Smithsonian Mag

The Lie: Puritan pilgrims fled Europe and sailed directly to Plymouth Rock, where the refugees quickly worked toward instilling their own pious beliefs in the Native Americans they found there. But that wasn’t the case at all.

The Truth: Pilgrims left politically tumultuous England for Holland in 1607, where they lived for 10 years. Then, worried they were losing themselves in Dutch culture, they sailed west, landing closer to Cape Cod than Plymouth Rock, but the latter became the more popular tourist spot.

The Lie: German-born theoretical physicist Albert Einstein was a lazy kid who failed out of school and performed horrendously in math, proving that anyone can skyrocket to the absolute top of their field. Really?

The Truth: Einstein started reading college textbooks at age 11. When he was 16—front row, left—he did fail the entrance exam to Zurich Polytechnic, but not because of knowledge. The exam was in French. He didn’t speak French. Still, he nailed the math portion.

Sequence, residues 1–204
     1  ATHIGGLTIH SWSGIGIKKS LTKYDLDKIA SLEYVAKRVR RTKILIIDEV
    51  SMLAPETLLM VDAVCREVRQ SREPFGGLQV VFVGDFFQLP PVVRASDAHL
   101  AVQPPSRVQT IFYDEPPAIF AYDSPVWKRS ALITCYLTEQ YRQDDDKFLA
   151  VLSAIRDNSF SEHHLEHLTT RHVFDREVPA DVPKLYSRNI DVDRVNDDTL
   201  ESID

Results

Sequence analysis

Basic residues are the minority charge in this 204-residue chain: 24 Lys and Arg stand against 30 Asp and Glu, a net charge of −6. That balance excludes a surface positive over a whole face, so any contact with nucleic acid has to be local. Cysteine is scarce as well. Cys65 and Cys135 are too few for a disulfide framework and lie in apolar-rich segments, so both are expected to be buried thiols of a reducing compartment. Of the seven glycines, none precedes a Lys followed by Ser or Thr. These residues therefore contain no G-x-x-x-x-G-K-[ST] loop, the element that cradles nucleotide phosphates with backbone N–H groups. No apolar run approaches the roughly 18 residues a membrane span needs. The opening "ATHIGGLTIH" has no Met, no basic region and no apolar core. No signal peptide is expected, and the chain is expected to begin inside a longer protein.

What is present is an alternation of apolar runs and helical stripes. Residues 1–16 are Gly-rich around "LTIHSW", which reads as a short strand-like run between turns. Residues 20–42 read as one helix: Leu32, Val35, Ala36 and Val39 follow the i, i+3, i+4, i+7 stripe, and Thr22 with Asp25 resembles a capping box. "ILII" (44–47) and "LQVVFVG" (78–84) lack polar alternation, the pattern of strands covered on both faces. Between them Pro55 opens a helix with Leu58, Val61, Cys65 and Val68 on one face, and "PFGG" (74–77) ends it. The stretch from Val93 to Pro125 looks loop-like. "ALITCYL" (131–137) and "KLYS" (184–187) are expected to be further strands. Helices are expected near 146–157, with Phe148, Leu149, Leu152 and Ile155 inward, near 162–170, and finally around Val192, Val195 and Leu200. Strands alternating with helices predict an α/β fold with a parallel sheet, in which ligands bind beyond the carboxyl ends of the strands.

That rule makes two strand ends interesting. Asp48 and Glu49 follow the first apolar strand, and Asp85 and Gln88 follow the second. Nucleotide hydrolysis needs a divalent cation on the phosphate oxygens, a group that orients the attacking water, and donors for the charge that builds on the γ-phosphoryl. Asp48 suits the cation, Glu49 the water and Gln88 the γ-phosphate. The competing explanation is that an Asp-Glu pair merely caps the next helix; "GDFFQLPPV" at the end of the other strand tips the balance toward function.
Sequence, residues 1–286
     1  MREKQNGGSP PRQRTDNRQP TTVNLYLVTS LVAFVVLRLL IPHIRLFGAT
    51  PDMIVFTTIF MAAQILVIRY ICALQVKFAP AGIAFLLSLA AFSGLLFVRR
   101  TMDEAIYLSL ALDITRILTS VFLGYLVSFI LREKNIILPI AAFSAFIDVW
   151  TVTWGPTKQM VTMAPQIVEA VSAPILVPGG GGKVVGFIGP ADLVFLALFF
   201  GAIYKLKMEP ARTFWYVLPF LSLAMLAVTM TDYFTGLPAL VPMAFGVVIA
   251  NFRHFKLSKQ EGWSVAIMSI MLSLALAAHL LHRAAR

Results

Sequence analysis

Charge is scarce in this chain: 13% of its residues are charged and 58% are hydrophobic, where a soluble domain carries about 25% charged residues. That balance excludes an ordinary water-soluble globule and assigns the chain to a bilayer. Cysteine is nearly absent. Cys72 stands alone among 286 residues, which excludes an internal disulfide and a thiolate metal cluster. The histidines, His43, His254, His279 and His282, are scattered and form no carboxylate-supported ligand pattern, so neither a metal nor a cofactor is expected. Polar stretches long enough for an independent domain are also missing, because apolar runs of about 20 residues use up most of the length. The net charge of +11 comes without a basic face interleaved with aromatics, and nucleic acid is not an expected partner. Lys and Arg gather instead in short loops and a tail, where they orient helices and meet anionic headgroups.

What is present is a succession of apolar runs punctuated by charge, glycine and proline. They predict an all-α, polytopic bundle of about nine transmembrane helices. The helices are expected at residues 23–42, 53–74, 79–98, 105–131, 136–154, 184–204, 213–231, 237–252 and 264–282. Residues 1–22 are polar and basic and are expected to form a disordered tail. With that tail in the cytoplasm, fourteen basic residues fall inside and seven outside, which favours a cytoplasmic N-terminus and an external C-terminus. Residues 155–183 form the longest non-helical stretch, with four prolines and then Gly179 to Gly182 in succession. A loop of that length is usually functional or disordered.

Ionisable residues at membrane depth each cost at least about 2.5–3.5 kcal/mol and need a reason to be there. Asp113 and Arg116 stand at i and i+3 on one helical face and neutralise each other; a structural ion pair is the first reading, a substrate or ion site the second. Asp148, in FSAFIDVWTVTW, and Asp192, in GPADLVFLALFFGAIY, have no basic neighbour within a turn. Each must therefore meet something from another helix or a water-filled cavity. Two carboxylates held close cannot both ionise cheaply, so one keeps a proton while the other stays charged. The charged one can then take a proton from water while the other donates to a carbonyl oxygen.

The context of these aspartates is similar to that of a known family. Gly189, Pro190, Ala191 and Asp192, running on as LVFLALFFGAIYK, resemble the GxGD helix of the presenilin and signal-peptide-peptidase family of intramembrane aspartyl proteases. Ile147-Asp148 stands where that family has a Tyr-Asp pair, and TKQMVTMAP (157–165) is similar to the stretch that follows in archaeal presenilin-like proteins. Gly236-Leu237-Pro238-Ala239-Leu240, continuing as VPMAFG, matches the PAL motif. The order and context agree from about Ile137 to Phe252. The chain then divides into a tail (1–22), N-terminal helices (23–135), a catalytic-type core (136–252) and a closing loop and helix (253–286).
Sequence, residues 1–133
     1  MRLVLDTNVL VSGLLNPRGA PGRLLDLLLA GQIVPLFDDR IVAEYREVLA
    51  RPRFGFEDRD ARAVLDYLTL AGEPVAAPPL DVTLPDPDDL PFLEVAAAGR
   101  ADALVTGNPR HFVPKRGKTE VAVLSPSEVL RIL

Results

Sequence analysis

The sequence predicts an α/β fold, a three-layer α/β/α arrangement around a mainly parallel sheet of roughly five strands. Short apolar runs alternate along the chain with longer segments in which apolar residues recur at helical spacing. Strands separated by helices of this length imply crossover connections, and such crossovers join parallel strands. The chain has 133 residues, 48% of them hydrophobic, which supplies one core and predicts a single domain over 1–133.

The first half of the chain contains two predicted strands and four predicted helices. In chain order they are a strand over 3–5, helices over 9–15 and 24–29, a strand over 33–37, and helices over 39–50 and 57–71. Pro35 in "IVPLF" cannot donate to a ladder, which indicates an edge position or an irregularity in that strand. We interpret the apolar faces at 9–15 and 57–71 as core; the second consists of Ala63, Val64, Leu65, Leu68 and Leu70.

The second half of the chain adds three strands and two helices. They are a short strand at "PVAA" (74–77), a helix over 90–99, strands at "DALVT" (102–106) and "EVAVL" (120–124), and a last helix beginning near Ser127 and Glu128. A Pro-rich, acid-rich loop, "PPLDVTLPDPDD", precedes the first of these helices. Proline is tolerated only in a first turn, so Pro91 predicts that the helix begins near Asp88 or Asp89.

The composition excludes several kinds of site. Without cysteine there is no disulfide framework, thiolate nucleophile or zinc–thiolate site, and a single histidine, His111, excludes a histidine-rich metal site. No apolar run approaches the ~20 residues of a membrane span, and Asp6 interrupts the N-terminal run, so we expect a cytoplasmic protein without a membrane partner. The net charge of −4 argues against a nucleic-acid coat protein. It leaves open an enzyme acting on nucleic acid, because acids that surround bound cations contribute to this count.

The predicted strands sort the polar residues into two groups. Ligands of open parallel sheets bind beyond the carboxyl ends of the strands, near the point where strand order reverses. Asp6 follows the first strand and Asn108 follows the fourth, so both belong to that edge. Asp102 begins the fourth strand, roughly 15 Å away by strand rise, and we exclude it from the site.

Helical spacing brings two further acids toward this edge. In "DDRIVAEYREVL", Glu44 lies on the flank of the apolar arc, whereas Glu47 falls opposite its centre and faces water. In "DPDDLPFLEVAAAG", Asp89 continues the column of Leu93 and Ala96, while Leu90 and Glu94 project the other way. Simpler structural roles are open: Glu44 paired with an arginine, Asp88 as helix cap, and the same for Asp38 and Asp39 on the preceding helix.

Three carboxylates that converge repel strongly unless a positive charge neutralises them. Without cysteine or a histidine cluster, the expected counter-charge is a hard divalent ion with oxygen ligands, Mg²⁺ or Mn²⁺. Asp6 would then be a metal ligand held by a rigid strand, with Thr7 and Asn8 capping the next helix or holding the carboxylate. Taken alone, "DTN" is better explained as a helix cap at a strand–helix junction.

The Lie: Human beings evolved from apes. Long ago, there were just a bunch of apes running around. Then, over time, the apes stood taller and got smarter—they became human, as depicted in this famous illustration. But that’s not true.

The Truth: Humans didn’t evolve from apes, and you aren’t the great-great-grandchild of the ape at the local zoo; rather, apes and humans descended from the same distant ancestor—we’re cousins, in a sense. That’s why humans and apes both exist today.

The Lie: The Egyptian Pyramids in Giza were built by slaves. After all, who else would be willing to work in the blistering desert heat hoisting nine-ton limestone slabs to the top of a tomb?

The Truth: In 1990, archeologists uncovered the tombs of pyramid workers alongside the historic structures. Egyptians hired and paid 10,000 men to work in three-month shifts, and the king gave skilled laborers—masons, carpenters—full-time positions.